AREA: Proposed new F-gas Regulation – EU risks undermining its own climate and energy security goals

In a joint declaration, the associations EPEE, AREA and EHPA, representatives of the full value chain of the Refrigeration, Air Conditioning and Heat Pump sector in Europe are deeply concerned with the European Commission proposal fora revised EU F-Gas Regulation published on April 5th.

The proposal contains new worrying prohibitions on equipment critical to Europe’s decarbonisation and an unsustainable phase-down. These, in the face of insufficient alternatives and trained installers, will massively “decelerate” the deployment of heat pumps and other heating and cooling solutions required to achieve EU’s 2030 climate and energy, as well as geopolitical goals expressed in the European Commission’s recent #REPowerEU Communication.

They therefore urge the co-legislators to protect the EU’s goals by ensuring the F-gas Regulation is compatible with the availability of equipment, lower-GWP refrigerant alternatives and trained engineers to install them.

Thomas Nowak, Secretary general of the European Heat Pump Association (EHPA) said “To meet the ambition level set forth by the “REPowerEU” communication, we need a Heat Pump Accelerator and not a hard brake on heat pump deployment. All heat pumps – including air-air types- need to be massively deployed and this needs to be clearly supported by all EU institutions. Today’s proposal puts both the announced frontloading of heat pumps in the next 5 years as well as the 2030 and 2050 deployment target at risk. It needs a significant revision, if the Commission wants to achieve its renewables target and wean us of fossil energy use in heating and cooling.”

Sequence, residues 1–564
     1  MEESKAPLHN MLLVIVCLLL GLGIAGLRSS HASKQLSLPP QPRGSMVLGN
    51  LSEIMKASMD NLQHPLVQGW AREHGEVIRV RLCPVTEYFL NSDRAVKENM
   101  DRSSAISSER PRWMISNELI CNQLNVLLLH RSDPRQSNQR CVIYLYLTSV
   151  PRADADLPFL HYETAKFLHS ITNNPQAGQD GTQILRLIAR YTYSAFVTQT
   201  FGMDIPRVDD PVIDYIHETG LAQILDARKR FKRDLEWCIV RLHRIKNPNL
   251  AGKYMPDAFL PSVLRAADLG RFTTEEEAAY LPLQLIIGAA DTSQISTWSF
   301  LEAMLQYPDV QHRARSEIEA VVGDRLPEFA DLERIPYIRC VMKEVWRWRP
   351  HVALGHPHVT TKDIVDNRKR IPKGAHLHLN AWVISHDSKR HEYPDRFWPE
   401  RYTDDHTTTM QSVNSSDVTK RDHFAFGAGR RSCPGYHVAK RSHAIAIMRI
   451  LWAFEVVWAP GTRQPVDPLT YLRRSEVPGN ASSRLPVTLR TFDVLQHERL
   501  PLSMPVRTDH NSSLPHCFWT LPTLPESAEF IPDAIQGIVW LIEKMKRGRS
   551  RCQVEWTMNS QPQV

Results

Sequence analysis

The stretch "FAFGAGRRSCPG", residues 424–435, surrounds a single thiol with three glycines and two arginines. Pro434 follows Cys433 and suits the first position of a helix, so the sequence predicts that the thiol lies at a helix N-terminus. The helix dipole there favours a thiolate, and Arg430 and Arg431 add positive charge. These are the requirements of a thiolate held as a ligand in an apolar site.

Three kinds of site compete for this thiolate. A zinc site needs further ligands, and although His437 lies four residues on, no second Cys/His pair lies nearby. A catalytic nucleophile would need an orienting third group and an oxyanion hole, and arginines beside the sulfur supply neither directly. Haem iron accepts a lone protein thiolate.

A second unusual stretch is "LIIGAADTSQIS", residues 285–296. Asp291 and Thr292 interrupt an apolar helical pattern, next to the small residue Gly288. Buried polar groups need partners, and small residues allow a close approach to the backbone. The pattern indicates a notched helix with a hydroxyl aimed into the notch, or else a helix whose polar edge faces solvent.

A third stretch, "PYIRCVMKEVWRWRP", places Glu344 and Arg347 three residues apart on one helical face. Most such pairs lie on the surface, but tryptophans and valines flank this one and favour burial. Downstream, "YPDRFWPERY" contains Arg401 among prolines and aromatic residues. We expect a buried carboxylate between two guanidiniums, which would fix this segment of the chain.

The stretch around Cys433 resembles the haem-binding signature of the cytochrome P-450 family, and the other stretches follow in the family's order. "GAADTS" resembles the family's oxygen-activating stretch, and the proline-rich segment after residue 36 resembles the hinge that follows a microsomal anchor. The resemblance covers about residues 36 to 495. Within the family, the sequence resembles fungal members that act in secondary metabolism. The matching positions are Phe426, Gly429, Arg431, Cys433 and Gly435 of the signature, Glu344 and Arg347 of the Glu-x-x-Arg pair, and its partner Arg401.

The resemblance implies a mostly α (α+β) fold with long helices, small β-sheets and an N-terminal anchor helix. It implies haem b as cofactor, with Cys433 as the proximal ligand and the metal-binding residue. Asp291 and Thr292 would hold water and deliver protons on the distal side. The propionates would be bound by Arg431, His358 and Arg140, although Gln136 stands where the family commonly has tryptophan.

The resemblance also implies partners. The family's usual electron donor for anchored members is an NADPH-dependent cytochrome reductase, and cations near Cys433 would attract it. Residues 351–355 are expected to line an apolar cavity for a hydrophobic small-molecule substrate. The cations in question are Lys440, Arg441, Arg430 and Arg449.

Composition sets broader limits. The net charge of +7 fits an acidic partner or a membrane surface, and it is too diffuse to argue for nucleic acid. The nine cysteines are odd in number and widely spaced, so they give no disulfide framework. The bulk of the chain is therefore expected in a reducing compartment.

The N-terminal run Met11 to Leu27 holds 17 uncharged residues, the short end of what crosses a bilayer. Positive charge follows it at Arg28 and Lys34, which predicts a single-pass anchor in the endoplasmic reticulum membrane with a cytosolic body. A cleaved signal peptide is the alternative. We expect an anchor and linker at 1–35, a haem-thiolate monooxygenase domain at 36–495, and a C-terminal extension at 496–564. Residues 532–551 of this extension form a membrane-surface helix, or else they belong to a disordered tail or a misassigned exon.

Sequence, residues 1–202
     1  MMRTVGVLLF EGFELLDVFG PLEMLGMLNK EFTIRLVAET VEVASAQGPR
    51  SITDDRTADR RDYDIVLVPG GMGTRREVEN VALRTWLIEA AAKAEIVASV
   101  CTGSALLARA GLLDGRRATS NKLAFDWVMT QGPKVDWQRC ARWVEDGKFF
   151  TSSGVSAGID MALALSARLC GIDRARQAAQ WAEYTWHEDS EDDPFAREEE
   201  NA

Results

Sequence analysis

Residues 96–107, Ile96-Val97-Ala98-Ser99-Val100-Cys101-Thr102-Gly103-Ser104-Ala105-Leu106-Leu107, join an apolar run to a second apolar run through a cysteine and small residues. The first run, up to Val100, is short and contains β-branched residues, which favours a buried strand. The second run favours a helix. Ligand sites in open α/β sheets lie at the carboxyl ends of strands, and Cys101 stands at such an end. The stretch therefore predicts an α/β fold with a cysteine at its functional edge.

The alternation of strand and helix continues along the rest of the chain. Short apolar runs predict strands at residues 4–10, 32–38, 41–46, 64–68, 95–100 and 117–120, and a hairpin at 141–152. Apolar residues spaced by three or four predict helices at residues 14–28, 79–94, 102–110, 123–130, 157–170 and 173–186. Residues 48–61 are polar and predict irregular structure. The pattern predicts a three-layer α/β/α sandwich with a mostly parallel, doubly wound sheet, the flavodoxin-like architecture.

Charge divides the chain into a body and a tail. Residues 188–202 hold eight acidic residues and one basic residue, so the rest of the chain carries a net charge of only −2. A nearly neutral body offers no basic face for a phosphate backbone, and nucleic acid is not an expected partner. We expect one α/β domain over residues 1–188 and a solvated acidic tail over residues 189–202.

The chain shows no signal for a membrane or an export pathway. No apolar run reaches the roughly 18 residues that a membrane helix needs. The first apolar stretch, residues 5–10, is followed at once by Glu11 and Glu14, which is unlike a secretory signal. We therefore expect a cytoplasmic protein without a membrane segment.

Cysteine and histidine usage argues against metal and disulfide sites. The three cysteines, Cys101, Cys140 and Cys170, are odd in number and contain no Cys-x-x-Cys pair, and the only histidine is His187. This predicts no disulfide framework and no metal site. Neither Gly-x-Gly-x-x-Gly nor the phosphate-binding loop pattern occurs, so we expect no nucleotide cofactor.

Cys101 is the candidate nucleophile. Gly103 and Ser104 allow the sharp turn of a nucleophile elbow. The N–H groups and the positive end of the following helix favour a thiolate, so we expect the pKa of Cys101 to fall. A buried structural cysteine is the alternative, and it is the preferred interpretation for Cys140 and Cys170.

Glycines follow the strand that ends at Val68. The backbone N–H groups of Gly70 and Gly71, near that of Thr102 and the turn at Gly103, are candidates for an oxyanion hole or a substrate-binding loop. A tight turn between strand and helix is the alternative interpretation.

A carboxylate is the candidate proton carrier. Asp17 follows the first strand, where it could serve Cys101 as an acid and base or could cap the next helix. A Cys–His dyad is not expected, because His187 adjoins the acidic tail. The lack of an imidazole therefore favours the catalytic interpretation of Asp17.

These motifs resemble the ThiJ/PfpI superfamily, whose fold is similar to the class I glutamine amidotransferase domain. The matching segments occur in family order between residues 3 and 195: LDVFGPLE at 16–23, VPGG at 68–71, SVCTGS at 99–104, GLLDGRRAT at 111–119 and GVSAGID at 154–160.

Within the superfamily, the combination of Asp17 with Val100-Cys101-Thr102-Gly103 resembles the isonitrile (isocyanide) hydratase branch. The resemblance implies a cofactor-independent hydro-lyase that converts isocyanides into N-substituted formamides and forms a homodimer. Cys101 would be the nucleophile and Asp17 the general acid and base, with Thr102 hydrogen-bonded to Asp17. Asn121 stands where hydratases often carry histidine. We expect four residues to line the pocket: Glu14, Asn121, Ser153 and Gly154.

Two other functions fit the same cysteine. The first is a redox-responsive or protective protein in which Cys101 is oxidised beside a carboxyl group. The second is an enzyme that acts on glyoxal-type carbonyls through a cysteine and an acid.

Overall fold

“The current EU F-Gas Regulation quota already cuts HFC use by 88% by 2030. Our modelling shows that this will be just enough to install the needed 50 million new heat pumps by then.”, said Folker Franz, Director General of EPEE, representing the Refrigeration, Air Conditioning and Heat Pump Industry in Europe. “The EU would harm its own cause by further cutting the quota: greenhouse gas emissions from F-gases are very small when compared with the emissions that can be saved by replacing fossil fuel heating with heat pump equipment.

Marco Buoni, President of the European association of refrigeration, air conditioning and heat pump contractors (AREA) concluded: “It is a shame that the effect of the new provisions on training of installers will be negated by the new set of bans. With hundreds of thousands of technicians needing to be upskilled to safely handle highly flammable refrigerants, the installer base will just not manage to make the conversion in time as there remains a shortage of both training facilities and trainers across the EU.